It is difficult to talk about the culture of 924 Gilman because, in a sense, it is deliberately volatile and undefinable. In many ways, the venue is a living, breathing entity which is consistently and progressively experiencing changes through the ebb and flow of the community that surrounds it. It is significant that everybody has a different story concerning Gilman and that there is no centralized narrative because individual people engage with the experience in different ways.
That being said, the most dominant cultural value, what could be called the paramount piece intangible cultural heritage is the community which the club fosters. The aspects of this community range from the intimate and personal to the structural and symbolic: the volunteer corps, the patrons, the artists, the bands, the neighbors and neighborhood (both commercial and domestic), and even the music and art scene at large can all be considered as taking part.
Historically speaking, Gilman has acquired quite a bit of symbolic capital as it relates to the global punk rock scene. Some attribute this to the venue’s ability to stick to its core values of being an open, all-ages, community and volunteer-run establishment. Others attribute this to the simple fact that they’ve been able to keep the doors open for almost 30 years (1986-Present). Groups such as Green Day, Rancid, NOFX, and the Dead Kennedys put the location on the map as a go-to destination for their fans across the world. The venue also engages the larger music scene outside itself by supporting other DIY businesses and establishments, such as local record companies and printing presses.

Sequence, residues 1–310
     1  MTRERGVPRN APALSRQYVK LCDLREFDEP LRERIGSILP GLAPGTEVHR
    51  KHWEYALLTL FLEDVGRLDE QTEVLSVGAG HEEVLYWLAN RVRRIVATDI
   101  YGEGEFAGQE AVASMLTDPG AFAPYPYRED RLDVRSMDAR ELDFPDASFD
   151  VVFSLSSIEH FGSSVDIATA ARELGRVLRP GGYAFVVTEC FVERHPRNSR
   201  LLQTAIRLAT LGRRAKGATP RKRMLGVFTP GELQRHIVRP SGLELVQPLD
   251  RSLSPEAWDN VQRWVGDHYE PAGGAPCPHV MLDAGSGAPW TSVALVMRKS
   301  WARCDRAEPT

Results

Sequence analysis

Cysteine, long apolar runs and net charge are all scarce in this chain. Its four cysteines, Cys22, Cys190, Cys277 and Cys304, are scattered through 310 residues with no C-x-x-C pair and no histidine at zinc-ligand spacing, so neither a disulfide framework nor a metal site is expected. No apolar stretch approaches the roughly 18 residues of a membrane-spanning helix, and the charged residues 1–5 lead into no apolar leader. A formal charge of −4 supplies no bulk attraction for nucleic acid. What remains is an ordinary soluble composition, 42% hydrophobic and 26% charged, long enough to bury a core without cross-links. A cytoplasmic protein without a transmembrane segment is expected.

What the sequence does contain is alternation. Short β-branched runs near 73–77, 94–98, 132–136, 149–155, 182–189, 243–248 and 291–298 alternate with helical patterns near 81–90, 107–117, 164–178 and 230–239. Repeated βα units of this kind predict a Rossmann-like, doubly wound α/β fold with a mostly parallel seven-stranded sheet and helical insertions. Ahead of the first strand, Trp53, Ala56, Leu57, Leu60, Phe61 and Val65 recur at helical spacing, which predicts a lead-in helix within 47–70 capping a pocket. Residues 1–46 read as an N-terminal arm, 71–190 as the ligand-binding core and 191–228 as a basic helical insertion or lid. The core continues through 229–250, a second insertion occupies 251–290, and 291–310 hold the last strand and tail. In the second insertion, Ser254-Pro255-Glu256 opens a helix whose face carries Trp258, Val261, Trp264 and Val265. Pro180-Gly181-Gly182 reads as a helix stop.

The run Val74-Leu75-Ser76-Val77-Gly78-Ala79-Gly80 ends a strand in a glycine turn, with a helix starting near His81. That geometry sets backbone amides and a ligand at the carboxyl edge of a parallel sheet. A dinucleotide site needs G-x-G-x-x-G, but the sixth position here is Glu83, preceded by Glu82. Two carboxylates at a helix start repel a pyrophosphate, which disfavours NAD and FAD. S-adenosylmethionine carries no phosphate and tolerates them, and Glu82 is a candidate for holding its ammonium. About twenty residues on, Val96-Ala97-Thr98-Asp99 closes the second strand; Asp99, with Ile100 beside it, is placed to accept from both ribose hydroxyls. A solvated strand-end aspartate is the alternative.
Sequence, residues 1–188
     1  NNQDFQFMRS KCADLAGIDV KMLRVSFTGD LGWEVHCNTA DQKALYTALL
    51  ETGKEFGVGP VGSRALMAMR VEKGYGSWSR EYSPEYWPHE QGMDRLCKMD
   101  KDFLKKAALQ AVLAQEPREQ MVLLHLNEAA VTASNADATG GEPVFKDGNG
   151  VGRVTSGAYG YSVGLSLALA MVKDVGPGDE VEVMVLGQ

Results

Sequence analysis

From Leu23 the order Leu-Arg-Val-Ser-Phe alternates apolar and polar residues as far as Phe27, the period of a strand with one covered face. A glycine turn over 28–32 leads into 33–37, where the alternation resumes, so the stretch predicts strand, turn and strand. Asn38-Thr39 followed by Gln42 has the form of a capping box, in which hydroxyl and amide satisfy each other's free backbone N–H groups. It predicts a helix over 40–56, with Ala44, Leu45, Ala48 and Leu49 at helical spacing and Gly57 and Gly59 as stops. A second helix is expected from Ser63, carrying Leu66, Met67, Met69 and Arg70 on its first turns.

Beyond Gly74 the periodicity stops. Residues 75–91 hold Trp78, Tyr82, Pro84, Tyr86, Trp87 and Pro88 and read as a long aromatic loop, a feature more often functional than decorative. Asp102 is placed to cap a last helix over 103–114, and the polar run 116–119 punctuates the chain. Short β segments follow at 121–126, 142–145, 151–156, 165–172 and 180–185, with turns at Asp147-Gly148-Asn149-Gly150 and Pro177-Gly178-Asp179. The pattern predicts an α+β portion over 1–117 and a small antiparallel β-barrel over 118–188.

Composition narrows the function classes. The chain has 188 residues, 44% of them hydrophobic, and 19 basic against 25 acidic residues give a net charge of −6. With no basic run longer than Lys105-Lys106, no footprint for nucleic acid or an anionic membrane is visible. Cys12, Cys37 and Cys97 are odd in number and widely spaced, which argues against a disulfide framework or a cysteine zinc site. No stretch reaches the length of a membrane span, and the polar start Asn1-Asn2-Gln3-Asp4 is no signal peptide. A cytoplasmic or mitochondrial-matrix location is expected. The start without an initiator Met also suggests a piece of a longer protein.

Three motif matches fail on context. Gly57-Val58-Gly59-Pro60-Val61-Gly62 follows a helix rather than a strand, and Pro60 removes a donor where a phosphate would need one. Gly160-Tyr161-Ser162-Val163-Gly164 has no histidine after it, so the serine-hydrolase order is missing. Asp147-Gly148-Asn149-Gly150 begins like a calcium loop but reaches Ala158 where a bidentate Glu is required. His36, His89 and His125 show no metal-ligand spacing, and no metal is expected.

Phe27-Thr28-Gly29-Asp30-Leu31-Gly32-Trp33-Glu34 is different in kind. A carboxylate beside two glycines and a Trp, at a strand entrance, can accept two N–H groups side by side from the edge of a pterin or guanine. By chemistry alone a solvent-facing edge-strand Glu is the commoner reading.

Politically, there is no power hierarchy. Every decision goes through a vote at the membership meetings, democratically. They decide which bands are allowed to play, who can hold a key to the venue, who gets “86’d,” or banned from the venue. Our ability to conduct this project was put to a vote. Everyone has a voice and gets time to speak their piece; your opinion is welcome but your respect is required. By virtue of the diversity of the community, a whole variety of voices make up the collective will expressed by the venue. These opinions, of course, change as the community itself changes.
Gilman is not profit orientated, but rather driven from the shared experiences of the show or event that brings the community together. As one informant, Sam Smash, remarks “we found our families at these shows” and this is reflected in the active community participation of the volunteer collective because there is a sense of social responsibility to give back and contribute to that family. Profits are split between the venue and the bands. When something needs to fixed, improved, or replaced, it is done by the members, often through donation. For many, Gilman is a safe space to escape from normative culture, a space where people can freely express themselves and as such its members are consistently focused on ways in which the community can be supported because “there’s not gonna be any support for us unless we help ourselves” (Sam).